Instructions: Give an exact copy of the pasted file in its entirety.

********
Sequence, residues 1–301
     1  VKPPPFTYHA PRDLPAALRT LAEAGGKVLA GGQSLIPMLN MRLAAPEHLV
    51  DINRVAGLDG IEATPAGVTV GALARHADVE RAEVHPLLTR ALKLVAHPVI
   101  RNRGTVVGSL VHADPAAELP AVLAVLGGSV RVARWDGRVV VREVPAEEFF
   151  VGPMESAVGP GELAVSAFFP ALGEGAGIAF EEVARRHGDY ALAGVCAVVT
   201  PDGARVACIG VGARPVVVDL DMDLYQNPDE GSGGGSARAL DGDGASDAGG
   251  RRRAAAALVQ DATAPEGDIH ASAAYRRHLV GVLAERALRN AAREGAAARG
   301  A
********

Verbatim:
Sequence, residues 1–301
     1  VKPPPFTYHA PRDLPAALRT LAEAGGKVLA GGQSLIPMLN MRLAAPEHLV
    51  DINRVAGLDG IEATPAGVTV GALARHADVE RAEVHPLLTR ALKLVAHPVI
   101  RNRGTVVGSL VHADPAAELP AVLAVLGGSV RVARWDGRVV VREVPAEEFF
   151  VGPMESAVGP GELAVSAFFP ALGEGAGIAF EEVARRHGDY ALAGVCAVVT
   201  PDGARVACIG VGARPVVVDL DMDLYQNPDE GSGGGSARAL DGDGASDAGG
   251  RRRAAAALVQ DATAPEGDIH ASAAYRRHLV GVLAERALRN AAREGAAARG
   301  A